#1 Cultural humility/safety: There are differing levels of knowledge, understanding and experience related to cultural humility/safety and reconciliation within the staff, youth and partner organizations of FLOH. We will engage in an intentional process to discover, share and explore what we all know and don’t know, and how knowing and not knowing has played out for us, for others and in our communities. We also hope to have opportunities to interface with others in this knowledge exchange, meaning making and, ultimately, continual action planning process.
#2 Voice of Indigenous peoples: The project’s main, full-time Youth FLOHcilitator (Marcie Pruden, 18) has had extensive opportunities to learn from Indigenous elders and peers throughout the Fraser-Salish region, BC and nationally. She has seen how Indigenous knowledge and teachings can be woven into the way that programs that involve youth play out—especially when it comes to acknowledging and supporting each person’s gifts to flourish and be offered a place and role. She has built into the project the acknowledgement that our circle of work (like the medicine wheel) will be incomplete or unbalanced without engaging the whole community: children, young people, adults and elders. Over a third of other engaged young people have Indigenous heritage and various levels of knowledge about, engagement with, and connection to their own and/or local Indigenous communities and peoples and practices. Three of the five youth leads on the project are Indigenous, and four of the five youth leads have direct experience with the foster system.
#3 Respect: Again, youth with experience in the foster system, as a group, experience arguably unequaled barriers to their voices and experiences being heard, respected and valued. Through the endeavour of, and to the extent that we succeed at bringing these voices to the forefront, we believe we will be supporting systems and inspiring other marginalized/restricted populations to challenge themselves and each other to allow broader, more inclusive and diverse perspectives to support new ways of knowing, learning together and collaboration.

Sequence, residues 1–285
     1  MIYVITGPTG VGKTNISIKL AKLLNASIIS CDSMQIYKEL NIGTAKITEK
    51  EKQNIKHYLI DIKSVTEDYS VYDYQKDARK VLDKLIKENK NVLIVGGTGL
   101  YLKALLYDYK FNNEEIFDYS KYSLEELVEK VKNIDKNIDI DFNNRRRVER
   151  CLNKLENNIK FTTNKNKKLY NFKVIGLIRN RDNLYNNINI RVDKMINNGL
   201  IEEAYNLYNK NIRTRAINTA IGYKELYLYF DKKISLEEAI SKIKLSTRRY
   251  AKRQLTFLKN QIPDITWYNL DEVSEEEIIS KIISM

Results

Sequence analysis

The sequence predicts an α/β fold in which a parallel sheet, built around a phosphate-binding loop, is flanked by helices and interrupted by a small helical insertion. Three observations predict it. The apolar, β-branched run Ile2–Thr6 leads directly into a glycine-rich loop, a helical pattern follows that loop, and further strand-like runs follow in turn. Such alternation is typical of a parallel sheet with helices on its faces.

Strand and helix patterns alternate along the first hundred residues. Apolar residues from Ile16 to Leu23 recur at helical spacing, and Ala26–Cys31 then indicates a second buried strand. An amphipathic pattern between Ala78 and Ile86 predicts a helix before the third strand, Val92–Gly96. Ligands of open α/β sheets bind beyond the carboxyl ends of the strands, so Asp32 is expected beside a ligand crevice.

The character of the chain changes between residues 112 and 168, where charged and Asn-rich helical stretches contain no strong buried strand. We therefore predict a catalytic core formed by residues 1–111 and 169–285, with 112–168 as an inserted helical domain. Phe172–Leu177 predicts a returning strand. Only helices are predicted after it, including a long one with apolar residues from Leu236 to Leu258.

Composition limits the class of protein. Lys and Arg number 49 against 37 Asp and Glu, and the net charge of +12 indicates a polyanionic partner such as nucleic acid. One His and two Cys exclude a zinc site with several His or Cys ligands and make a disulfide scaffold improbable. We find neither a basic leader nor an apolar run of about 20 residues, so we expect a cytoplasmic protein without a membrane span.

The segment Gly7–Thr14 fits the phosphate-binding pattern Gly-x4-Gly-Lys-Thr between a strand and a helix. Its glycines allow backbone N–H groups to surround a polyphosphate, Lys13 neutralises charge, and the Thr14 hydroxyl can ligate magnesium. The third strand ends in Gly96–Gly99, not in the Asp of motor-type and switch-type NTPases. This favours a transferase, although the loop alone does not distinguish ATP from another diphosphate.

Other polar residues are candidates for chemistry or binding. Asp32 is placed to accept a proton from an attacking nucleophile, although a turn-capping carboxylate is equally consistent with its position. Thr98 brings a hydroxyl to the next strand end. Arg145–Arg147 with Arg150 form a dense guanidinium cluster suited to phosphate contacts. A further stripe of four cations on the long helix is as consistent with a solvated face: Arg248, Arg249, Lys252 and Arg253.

#4 Social Determinants of Health: With FLOH’s primary focus on conditions for young people with experience in the foster system, social determinants of health will be front-and-centre. For these young people, conditions often can place healthy choices/options out of reach. Often there is little opportunity for these youth to choose their own tribe, to easily explore and practice their culture, to test out their autonomy in a slow transition from dependency to attempts at independence and then to find what might be the right place for them in a world where we are all truly interdependent. It is on and for this final point—interdependence—that youth with experience in the foster system can most authoritatively speak and advocate for our systems to work more and more toward a focus on social determinants of health as a tide that will lift all boats.
#5 Strengths based approach: Strength-based approaches can vary significantly—sometimes rolling out through such activities as supporting a person to list and acknowledge their strengths, or helping a person to identify strengths they have that might help them with a current personal challenge. In FLOH, we are trying to take this approach further. Most people learn about their strengths and stretch into new capabilities because someone takes a chance on them… trusts them with something they may not have done before, but which they feel they might be ready to try. This learning and stretching and growing, one could argue, will be best facilitated if something meaningful is at stake. As a youth-led and adult-supported project, the FLOH youth have indicated they want their program to constantly provide opportunities for them and other youth (and adults too, for that matter) to find their growing edges and stretch themselves further. FLOH is not just meant to be a strength-based program, but—perhaps more-profoundly—a program based on its participant’s strengths.